Just over five years ago, flutist Claire Chase gave an astounding recital in Berkeley under the auspices of Cal Performances. Among the pieces she played was a tantalizing half-hour fragment of Pan, a work in progress by composer Marcos Balter.
Since then, Chase has become a San Francisco Symphony collaborative partner, one of a group named by Music Director Esa-Pekka Salonen to help reimagine the orchestra for the 21st century. On Friday, Feb. 24, she gave the first local performance of Pan and also of its predecessor piece, Alone, for flute and two wine glasses.
Back in 2017, Chase announced that Pan was expected to be a 90-minute work. What she played on Friday lasted about 60 minutes and was fully formed. Maybe Pan was longer at one time — Balter evidently revised the piece within the last couple of years — or maybe it never grew to 90 minutes.
Regardless, Balter has composed two magnificent works, and Chase gave dazzling performances of both. Alone is just a few minutes long, haunted and circling around a few pitches, accompanied by video of a bird murmuration. The glasses were tuned to specific pitches, set by the amount of water in them, and two assistants ran their fingers around the rims to produce eerily pure tones with which the flute part harmonized.
Chase introduced Pan briefly, telling the audience that Pan is the god of shepherds and flocks, a charmer and a trickster, half man and half goat. He’s godlike and human; he fails at everything. He misuses his power and loses the trust of the humans in his community. The flutist took note of her outfit for the evening: white pants with rows of fringes running down each leg and a sleeveless shirt of a shade close to that of her skin, imitating Pan’s appearance as closely as she could.
Pan is more than an extended flute solo, though. It’s a theater piece that makes great musical, physical, and dramatic demands on the flutist, every one of which Chase met handily.
For the performance, Chase was equipped with a body microphone, which is used not only to feed sound to the amplification system but to enable real-time processing. Pan also calls for community participation. In 2017, Chase asked for volunteers from the audience and taught them their part during a break. For this performance, 50 individuals from Casa Circulo Cultural, Openhouse, Amateur Music Network, the San Francisco Conservatory of Music, and San Francisco State University took part. They played percussion instruments, carried candles, and, crucially, represented Pan’s community.
Pan is in nine short movements and opens at the end of the story with the “Death of Pan” and a “Lament for Pan’s Death.” The god dies in great pain because he has challenged Apollo to a musical duel. In this movement, the performer must sing, shriek, blend human sounds with those of the flute, and fall on the floor. During the “Lament,” the community members form a procession and walk from the back of the hall onto the stage.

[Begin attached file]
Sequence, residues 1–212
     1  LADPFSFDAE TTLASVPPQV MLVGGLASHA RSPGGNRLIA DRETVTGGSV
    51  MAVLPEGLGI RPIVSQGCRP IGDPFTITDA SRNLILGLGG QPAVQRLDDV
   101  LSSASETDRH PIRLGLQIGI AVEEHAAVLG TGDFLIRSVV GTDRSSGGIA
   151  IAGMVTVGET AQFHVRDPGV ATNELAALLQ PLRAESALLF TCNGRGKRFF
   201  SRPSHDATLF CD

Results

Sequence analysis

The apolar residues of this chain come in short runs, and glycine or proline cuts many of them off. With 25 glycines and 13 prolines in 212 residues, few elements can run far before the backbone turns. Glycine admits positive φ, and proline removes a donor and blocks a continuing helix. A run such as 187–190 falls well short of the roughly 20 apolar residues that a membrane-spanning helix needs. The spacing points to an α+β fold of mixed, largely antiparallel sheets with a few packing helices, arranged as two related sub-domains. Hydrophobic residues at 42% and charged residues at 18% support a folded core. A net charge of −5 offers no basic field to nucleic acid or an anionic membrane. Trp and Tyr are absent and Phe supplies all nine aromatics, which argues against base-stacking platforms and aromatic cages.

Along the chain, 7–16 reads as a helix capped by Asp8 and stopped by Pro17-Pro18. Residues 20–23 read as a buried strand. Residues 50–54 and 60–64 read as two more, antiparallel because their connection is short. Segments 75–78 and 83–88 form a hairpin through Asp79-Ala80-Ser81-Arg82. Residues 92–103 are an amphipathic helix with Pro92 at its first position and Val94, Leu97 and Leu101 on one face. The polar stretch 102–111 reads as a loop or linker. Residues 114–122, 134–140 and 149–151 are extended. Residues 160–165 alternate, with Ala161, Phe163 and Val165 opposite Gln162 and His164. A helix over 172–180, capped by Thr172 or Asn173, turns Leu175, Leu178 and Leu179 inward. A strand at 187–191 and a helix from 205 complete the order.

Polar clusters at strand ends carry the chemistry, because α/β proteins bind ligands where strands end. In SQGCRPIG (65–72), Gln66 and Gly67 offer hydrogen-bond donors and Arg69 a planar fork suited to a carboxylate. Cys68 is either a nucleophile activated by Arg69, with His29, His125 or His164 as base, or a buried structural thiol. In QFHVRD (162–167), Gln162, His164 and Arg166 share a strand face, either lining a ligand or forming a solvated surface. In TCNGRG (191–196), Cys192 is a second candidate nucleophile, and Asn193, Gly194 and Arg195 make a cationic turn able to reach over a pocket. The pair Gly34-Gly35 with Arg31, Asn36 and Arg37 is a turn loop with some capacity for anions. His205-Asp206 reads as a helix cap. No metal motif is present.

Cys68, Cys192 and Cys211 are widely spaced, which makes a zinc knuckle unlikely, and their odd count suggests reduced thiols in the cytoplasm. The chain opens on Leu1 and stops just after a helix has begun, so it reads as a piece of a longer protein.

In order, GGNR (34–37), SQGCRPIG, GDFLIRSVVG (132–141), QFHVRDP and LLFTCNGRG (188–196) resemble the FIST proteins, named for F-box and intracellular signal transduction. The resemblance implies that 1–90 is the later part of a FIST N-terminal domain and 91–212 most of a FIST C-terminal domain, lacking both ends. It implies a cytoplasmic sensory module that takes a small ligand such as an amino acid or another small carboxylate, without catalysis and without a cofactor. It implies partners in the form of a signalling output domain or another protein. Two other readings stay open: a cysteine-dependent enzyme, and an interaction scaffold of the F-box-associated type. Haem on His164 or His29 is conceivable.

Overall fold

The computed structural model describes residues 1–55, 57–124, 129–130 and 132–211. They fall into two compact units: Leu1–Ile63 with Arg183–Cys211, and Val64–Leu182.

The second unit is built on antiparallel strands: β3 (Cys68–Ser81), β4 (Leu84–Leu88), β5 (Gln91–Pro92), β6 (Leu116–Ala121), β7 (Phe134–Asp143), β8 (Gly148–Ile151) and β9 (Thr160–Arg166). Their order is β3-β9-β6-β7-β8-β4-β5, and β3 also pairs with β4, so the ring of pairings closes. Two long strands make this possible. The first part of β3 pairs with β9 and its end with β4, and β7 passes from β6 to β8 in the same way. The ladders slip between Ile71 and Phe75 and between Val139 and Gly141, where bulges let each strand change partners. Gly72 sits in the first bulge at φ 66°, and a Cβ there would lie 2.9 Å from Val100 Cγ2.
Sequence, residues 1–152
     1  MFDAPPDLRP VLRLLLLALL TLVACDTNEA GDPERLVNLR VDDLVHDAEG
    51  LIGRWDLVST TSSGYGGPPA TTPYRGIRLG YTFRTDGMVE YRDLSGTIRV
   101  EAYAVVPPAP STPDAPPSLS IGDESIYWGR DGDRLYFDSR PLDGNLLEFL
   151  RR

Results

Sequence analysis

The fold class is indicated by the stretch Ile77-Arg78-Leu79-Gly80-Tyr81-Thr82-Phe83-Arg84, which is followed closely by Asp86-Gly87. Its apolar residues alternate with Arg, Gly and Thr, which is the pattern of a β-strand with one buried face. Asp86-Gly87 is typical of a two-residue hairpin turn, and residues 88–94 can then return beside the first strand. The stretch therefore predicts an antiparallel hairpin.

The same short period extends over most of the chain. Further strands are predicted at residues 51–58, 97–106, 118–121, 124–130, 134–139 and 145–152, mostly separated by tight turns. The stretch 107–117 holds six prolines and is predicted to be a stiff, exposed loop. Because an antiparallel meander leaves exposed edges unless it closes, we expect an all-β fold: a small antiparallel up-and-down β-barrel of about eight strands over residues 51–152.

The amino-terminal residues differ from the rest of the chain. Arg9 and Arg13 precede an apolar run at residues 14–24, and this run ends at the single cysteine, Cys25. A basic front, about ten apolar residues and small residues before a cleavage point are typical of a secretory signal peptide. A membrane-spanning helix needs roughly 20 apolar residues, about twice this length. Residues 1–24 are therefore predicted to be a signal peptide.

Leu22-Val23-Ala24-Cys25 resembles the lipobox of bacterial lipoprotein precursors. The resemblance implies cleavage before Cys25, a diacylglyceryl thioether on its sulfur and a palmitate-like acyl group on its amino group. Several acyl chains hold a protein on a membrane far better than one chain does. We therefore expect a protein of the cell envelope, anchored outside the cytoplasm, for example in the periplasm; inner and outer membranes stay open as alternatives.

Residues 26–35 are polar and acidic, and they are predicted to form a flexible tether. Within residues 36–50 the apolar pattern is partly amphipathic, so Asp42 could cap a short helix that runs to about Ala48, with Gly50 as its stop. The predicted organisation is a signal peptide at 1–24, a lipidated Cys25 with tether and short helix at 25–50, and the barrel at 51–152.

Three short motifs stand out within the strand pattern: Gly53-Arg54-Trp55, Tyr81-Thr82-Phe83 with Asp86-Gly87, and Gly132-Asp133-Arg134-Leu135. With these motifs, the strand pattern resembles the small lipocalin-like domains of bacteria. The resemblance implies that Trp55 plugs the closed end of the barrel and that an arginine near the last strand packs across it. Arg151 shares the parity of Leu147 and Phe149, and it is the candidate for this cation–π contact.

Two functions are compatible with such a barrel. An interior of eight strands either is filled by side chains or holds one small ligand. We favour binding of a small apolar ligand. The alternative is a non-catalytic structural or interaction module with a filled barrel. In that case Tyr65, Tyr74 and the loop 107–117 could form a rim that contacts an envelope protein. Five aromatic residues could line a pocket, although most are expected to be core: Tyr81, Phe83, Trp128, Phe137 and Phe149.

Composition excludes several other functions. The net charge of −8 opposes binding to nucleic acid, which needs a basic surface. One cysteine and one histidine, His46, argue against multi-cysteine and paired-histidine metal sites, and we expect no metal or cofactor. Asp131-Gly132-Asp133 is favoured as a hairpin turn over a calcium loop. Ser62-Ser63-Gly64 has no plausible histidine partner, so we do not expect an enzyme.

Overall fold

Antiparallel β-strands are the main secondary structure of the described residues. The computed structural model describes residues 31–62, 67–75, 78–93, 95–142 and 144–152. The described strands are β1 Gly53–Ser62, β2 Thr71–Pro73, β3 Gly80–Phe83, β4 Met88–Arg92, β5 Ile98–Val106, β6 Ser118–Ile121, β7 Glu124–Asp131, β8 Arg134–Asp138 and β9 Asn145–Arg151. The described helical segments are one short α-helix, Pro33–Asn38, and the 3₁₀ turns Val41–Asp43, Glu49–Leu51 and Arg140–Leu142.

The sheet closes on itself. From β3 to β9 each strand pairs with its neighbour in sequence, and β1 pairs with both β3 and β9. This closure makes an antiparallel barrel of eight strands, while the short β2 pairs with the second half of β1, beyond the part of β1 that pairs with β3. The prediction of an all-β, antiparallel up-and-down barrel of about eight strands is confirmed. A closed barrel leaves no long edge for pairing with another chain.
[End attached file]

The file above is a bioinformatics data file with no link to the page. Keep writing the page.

In “Pan’s Flute,” Chase rises up from the floor, now playing panpipes, then switches to a piccolo, the giant screens of the SoundBox space displaying a green forest. Trills and bird calls follow; with her quick and restless movements, her glances here and there, it’s easy to imagine Chase as a creature of the forest. She takes a flute in hand and parades it about in wonder. One of the community members races offstage and out a door, a flute in her own hands.
The forest turns a bloody red. Lights flicker. Offstage, some community members play chimes as others form a procession and leave the stage. The movement “Music of the Spheres” follows, and Chase takes up her giant contrabass flute, the projections displaying a night sky, clouds, the aurora borealis, stars. Pan wheels about, the contrabass flute pivoting on its support and calling out like a whale vocalizing in the vastness of the ocean.
In “Echo,” the community members are scattered around the edges of the three stages, each with colored lights attached to their hands. It’s like having a sparkle of fireflies loose in the hall. Pan’s flute serenades the nymph Echo; the flute sound is processed to produce multiples flutes playing different pitches in parallel motion. It might be that the visual effects are partially controlled by the flute sounds.
In “Serenade to Selene,” Pan speaks to Selene, the moon goddess, but his speech is broken, spattered, incomprehensible nonsense syllables that still dance musically. He struts — he virtually beats his breast — as if demanding that Selene look at him. It’s a terrifying moment. Pan goes on to destroy the water nymph Syrinx in the movement “Dance of the Nymphs.” He and the community clap on their thighs ritualistically. There’s singing and chanting.
Things start to come apart. In “Fray,” Pan’s followers begin to turn against him. Chase makes violent movements. She huffs into her flute, contrabass flute, and piccolo. She paces back and forth onstage. She picks up the panpipes and shows them to her followers. A “Soliloquy” follows; Pan tries to make amends, too late, begging for forgiveness. Chase plays repetitive phrases on the flute for the community, but the group turns from her and walks offstage, abandoning Pan.
These words are not adequate to convey the beauty and mystery of Pan as a musical and theatrical work. All credit to Chase for her embodiment of Pan and flawless playing, to Balter for the glorious music, to Adam Larsen for the video projections and Luke Walker for the lighting design, to Levy Lorenzo for the original electronics and sound design, and to Ben Richter, artistic assistant and community choir director.